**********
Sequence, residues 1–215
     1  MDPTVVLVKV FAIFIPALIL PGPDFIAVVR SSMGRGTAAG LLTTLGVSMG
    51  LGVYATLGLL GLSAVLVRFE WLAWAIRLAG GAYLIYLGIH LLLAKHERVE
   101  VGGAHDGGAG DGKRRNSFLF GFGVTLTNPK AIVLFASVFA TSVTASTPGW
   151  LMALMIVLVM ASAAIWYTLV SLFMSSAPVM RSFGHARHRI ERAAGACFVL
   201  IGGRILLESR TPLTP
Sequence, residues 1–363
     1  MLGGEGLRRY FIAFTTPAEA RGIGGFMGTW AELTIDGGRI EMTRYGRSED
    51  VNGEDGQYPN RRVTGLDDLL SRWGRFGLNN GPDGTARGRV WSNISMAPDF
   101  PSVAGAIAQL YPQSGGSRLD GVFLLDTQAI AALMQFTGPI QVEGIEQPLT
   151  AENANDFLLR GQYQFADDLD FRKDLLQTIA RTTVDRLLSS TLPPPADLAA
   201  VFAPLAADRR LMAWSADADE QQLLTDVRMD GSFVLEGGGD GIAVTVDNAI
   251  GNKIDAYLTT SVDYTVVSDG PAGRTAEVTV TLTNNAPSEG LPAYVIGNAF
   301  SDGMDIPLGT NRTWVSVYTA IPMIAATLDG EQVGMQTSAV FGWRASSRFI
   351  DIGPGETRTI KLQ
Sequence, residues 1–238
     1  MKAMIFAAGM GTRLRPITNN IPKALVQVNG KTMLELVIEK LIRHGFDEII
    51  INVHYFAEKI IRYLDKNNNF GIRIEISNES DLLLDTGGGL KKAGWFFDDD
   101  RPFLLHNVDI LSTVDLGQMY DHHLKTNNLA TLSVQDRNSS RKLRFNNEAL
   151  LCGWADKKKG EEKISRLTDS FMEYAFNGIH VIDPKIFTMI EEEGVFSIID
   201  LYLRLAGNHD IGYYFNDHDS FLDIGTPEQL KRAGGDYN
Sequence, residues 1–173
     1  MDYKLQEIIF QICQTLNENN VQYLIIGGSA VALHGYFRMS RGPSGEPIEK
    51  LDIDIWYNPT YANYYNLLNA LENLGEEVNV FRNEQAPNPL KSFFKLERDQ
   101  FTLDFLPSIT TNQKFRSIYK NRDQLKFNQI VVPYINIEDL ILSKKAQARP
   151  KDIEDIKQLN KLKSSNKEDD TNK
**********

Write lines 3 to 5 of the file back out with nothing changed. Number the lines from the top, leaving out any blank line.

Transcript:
    51  LGVYATLGLL GLSAVLVRFE WLAWAIRLAG GAYLIYLGIH LLLAKHERVE
   101  VGGAHDGGAG DGKRRNSFLF GFGVTLTNPK AIVLFASVFA TSVTASTPGW
   151  LMALMIVLVM ASAAIWYTLV SLFMSSAPVM RSFGHARHRI ERAAGACFVL